- Pub. Date:
Within the Future Worlds Sci-fi Anthology you will find stories spun from the webs of current Future House bestselling books. Whether you are a fan of space dinosaurs, population annihilating bugs, interstellar magicians, man vs. distant planet scenarios, or colonization troubles, this anthology will have something galactic for you.
Featuring Cameron Dayton (Etherwalker), Michael Darling (Hollowfall, Tales from the Behindbeyond), Mark R Healy (Dawn of Procyon), Josi Russell (Caretaker Chronicles), and D.W. Vogel (Horizon Alpha Series).
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About the Author
Josi Russell’s debut novel, Caretaker, was a Whitney Award finalist in two categories.
In addition, D. W. Vogel (Horizon Alpha: Predators of Eden), Mark R. Healy (Dawn of Procyon), and Michael Darling (Got Luck) bring their best to the table in this exciting compilation of science fiction stories.
With over fifteen years writing for blockbuster franchises from Blizzard Entertainment, Electronic Arts, and Epic Games, Cameron has gained a reputation for bringing riveting, powerful storytelling to games. Cameron wrote the script to Advent Rising with best-selling novelist Orson Scott Card, and co-founded the story-centered game development studio Chair Entertainment. At Blizzard, he built narratives for some of the most popular games in the world, including The World of Warcraft, StarCraft, Hearthstone, Overwatch, and Diablo. He also wrote Blizzard’s first web-comic, Kerrigan: Hope and Vengeance, which ranked #1 on Amazon. Cameron’s short stories are featured in several anthologies: Wendigo Tales, Paragons, War Stories, and Heroes Rise, Darkness Falls. Completing the circuit from games to published work to film, Cameron wrote the screenplay for the independent film Unicorn City, which garnered several awards in the indie circuit and was featured on Netflix.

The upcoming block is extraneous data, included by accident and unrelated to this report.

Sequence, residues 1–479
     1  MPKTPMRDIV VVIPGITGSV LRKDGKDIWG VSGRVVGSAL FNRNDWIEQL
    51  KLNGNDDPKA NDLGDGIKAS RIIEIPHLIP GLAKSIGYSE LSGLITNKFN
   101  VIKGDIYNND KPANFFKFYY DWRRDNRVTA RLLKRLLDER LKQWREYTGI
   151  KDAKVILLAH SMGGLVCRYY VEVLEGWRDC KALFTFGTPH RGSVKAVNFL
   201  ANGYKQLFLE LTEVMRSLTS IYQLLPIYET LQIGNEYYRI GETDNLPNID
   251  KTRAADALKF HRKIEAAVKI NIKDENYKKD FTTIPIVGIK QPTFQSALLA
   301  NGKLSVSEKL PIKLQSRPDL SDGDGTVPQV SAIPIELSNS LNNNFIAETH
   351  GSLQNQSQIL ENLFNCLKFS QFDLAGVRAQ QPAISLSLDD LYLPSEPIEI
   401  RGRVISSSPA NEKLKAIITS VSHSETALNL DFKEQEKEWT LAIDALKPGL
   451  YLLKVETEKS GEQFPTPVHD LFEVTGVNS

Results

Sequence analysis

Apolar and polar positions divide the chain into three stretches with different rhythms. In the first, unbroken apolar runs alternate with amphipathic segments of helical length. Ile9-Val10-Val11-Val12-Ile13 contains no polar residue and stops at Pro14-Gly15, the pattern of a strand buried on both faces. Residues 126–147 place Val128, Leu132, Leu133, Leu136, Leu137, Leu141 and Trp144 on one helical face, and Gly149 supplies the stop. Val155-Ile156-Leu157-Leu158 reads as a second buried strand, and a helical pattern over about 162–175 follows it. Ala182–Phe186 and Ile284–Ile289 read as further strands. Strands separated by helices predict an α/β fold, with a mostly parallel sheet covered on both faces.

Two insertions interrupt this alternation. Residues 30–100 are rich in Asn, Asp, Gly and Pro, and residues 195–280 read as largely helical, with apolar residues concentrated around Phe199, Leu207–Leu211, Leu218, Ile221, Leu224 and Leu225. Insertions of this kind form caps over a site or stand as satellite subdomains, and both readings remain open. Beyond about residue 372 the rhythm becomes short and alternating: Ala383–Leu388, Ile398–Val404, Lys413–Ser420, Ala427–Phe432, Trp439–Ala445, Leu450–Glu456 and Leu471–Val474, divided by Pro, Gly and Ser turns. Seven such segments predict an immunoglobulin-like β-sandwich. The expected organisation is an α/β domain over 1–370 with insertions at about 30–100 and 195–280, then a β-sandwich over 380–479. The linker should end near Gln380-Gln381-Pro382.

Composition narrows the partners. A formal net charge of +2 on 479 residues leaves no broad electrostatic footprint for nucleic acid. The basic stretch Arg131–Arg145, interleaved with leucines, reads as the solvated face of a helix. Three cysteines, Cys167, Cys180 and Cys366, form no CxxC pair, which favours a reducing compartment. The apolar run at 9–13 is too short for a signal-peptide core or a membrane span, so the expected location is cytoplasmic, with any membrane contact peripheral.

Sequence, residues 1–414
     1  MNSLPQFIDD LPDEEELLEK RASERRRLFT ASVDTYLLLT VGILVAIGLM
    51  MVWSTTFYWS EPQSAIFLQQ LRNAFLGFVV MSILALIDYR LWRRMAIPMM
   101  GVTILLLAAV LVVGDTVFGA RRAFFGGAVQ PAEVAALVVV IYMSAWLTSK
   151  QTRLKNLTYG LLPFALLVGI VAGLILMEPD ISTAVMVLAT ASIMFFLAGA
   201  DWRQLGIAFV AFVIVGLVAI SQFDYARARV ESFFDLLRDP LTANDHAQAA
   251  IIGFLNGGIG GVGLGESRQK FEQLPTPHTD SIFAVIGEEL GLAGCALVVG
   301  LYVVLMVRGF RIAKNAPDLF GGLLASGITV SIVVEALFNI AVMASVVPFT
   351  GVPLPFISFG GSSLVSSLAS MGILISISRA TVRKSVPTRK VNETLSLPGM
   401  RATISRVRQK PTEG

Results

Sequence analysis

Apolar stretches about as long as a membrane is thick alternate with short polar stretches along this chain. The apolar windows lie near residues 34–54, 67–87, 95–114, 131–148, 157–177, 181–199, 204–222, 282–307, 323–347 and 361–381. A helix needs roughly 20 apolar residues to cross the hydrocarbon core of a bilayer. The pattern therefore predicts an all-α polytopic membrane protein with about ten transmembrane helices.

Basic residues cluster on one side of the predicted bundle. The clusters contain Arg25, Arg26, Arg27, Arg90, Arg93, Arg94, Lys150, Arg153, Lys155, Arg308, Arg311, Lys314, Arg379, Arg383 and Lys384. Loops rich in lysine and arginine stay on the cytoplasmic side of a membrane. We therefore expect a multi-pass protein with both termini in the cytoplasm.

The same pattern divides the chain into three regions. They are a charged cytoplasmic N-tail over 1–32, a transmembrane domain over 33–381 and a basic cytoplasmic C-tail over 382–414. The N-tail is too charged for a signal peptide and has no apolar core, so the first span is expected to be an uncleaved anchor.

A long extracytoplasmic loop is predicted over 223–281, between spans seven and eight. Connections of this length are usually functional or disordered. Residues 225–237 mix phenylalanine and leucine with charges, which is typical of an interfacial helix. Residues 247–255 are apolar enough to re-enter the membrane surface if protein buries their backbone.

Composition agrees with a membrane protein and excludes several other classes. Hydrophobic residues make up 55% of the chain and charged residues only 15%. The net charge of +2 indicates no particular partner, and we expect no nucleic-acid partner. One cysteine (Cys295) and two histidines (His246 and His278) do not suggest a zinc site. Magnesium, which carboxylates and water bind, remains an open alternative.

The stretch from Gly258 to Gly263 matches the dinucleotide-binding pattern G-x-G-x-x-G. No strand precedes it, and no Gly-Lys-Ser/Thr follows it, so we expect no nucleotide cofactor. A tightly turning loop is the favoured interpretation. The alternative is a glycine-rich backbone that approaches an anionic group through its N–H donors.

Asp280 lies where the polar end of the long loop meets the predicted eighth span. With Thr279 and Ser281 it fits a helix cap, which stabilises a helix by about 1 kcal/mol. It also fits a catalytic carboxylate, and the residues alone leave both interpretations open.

Michael Darling has worked as a butcher, a librarian, and a magician. Not all at the same time. He nests in the exquisitely beautiful Rocky Mountains with his equally breathtaking wife and six guinea pigs, one of whom thinks she’s a dog and three of whom claim to be children. Michael’s award-winning short fiction is frequently featured in anthologies. Got Luck is his first novel, which is scheduled for publication in March 2016.
Mark has been writing stories for as long as he can remember. In the early days he assembled his own illustrated books with accompanying stories and forced his parents to buy them. Unfortunately this model was not scalable, so in later years he has sought to promote his works to a wider audience.
Josi Russell teaches creative writing and fiction courses as an associate professor of English for Utah State University Eastern. She lives in the alien landscape of the high desert American Southwest with her family and a giant tortoise named Caesar. Josi is captivated by the fields of linguistics, mathematics, and medicine, by the vast unknown beyond our atmosphere, and by the whole adventure of being human.
D. W. Vogel is a veterinarian, marathon runner, cancer survivor, SCUBA diver, and current president of Cincinnati Fiction Writers. She is the author of the Horizon Alpha Series, the fantasy novel Super Dungeon: The Forgotten King, and the writing manual Five Minutes to Success: Master the Craft of Writing. She also has short stories in several anthologies from various publishers. Wendy loves to hear from readers, so feel free to contact her on her website (https://wendyvogelbooks.com/) or on Twitter (https://twitter.com/drwendyv).